Events in history can often be both bizarre and macabre. Such is the case of a widow of Kings County, New York, who purportedly “sold the head of her husband” to doctors, “between the period of his death and burial” in 1845.
In those days, physicians or would-be doctors, as is widely documented, often resorted to raiding cemeteries or graveyards in order to obtain body parts for anatomical studies. The above account, published widely in U.S. newspapers throughout July of that year, accused the woman of attempting to sell her husband’s corpse (specifically the head) for profit. One account emphatically declared:
“If poverty compelled the widow to the act, why did she not sell the whole body, and not substitute a piece of carpet for the head of the dear defunct?..It was with difficulty that she could be removed from the grave. And this bereaved, heart-broken widow, sold her husband’s head to the M.D.!!”
Later newspaper accounts attested the “Brooklyn Widow,” who had been married to her spouse for sixteeen years, had not sold her husband’s head for gain, but that a “cancer was removed…under authority given by the deceased before his death…for good and justifiable motives,” in order to allow “scientific examination” in the hope of finding a cure, so that others in the future would not have to suffer from the “dreadful malady.”
The famed widow of English explorer and adventurer, Sir Walter Raleigh (1552-1618), ‘Bess’ or the Lady Elizabeth Throckmorton (1565-1647), a former ‘lady-in-waiting’ to Queen Elizabeth I of England, appears from tradition and published accounts to have been somewhat ‘partial’ to her husband’s head. Sir Walter was decapitated on October 29, 1618, at the scaffold, only to have his wife place his ‘noggin’ (head) in a red velvet bag, after his execution. Some sources attest that Lady Raleigh carried the head around with her ‘in the bag’ for years, while others declare she had it embalmed and placed next to her bed-side for the next twenty-nine years, or until her death in 1647, after which it was ‘bequeathed’ to their son, Carew Raleigh.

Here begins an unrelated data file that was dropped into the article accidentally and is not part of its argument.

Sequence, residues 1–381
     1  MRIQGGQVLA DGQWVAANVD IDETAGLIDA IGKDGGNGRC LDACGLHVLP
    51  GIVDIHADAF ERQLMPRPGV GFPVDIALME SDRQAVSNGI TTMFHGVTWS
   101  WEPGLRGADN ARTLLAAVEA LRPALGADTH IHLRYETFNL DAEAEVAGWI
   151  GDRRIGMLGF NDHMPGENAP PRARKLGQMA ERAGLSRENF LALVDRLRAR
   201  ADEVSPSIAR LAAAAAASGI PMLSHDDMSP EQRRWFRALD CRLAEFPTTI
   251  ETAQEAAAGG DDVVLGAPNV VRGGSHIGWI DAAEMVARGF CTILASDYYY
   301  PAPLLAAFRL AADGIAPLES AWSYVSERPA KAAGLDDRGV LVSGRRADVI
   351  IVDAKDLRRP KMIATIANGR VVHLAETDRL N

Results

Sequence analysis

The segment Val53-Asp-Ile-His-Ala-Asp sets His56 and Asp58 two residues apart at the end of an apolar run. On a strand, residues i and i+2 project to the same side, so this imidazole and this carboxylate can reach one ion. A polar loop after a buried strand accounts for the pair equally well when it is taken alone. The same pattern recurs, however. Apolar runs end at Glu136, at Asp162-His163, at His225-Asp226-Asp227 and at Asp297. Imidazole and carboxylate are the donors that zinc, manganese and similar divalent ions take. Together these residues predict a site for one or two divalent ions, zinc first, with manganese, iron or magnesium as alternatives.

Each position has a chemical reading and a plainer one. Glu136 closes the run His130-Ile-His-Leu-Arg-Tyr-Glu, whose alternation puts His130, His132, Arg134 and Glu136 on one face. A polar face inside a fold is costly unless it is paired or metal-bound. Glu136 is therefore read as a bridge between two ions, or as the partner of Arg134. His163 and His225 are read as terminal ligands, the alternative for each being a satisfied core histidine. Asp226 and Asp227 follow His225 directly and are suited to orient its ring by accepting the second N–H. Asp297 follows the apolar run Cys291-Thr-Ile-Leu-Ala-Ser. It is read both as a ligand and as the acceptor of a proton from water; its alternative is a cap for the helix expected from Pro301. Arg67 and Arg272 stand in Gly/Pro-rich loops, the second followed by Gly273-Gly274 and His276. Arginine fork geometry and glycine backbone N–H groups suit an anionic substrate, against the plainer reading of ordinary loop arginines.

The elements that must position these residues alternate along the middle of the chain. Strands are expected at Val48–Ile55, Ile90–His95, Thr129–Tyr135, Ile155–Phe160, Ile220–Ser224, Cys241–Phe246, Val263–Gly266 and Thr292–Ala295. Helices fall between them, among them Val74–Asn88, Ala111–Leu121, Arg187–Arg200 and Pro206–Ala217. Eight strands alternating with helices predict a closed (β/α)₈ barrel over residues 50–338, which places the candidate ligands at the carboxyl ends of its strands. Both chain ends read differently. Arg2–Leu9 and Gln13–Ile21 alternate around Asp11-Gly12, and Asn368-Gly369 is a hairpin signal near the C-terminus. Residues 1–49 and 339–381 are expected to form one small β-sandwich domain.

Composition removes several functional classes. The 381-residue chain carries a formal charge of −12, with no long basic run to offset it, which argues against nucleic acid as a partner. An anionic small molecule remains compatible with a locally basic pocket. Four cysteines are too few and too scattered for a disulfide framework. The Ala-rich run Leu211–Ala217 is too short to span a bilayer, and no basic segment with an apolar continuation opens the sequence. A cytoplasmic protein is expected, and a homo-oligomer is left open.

Carew Raleigh (1605-1666) was born in the ‘Tower of London’ where his illustrious father had been imprisoned. The son of the famed Englishman would later serve in Parliament, and at his death, was buried in his father’s grave at St. Margaret’s Church, Westminster. Some sources state that when Carew’s grave was opened many years later, there were not ‘two bodies’ but ‘two heads’ within, his own and that of his father’s, while others believe “its ultimate disposition has never been discovered.”
Truly, ‘truth is stranger than fiction,’ and there are many opportunities to search out the truth in history, for the above and similar topics, here at The Historical Society of Pennsylvania.
(See for example: Philadelphia (PA) Public Ledger, July 17th, 18th & 19th, 1845; William S. Powell, “John Pory on the Death of Sir Walter Raleigh,” The William & Mary Quarterly, Third Series, Vol.IX, No.4 (October, 1952): 532-538).